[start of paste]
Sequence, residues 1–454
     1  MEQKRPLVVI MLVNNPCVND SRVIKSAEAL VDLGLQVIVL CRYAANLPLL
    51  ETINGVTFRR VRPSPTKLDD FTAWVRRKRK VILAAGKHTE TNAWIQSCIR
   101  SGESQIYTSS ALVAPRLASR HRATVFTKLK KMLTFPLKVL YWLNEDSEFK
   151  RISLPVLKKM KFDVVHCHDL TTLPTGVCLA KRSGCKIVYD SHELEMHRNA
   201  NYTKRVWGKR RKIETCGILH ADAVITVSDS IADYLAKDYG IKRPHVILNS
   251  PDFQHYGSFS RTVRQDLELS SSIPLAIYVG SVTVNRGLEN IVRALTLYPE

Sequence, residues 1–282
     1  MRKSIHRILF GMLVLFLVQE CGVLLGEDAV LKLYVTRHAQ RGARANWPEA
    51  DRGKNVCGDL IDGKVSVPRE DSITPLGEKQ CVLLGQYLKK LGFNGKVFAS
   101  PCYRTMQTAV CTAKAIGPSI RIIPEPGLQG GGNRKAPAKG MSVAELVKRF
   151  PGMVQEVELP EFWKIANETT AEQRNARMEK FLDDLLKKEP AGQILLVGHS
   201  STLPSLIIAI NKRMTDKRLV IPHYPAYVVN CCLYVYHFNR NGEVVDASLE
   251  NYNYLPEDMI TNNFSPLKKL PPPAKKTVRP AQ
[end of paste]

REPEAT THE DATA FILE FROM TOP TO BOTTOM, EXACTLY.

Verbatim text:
Sequence, residues 1–454
     1  MEQKRPLVVI MLVNNPCVND SRVIKSAEAL VDLGLQVIVL CRYAANLPLL
    51  ETINGVTFRR VRPSPTKLDD FTAWVRRKRK VILAAGKHTE TNAWIQSCIR
   101  SGESQIYTSS ALVAPRLASR HRATVFTKLK KMLTFPLKVL YWLNEDSEFK
   151  RISLPVLKKM KFDVVHCHDL TTLPTGVCLA KRSGCKIVYD SHELEMHRNA
   201  NYTKRVWGKR RKIETCGILH ADAVITVSDS IADYLAKDYG IKRPHVILNS
   251  PDFQHYGSFS RTVRQDLELS SSIPLAIYVG SVTVNRGLEN IVRALTLYPE

Sequence, residues 1–282
     1  MRKSIHRILF GMLVLFLVQE CGVLLGEDAV LKLYVTRHAQ RGARANWPEA
    51  DRGKNVCGDL IDGKVSVPRE DSITPLGEKQ CVLLGQYLKK LGFNGKVFAS
   101  PCYRTMQTAV CTAKAIGPSI RIIPEPGLQG GGNRKAPAKG MSVAELVKRF
   151  PGMVQEVELP EFWKIANETT AEQRNARMEK FLDDLLKKEP AGQILLVGHS
   201  STLPSLIIAI NKRMTDKRLV IPHYPAYVVN CCLYVYHFNR NGEVVDASLE
   251  NYNYLPEDMI TNNFSPLKKL PPPAKKTVRP AQ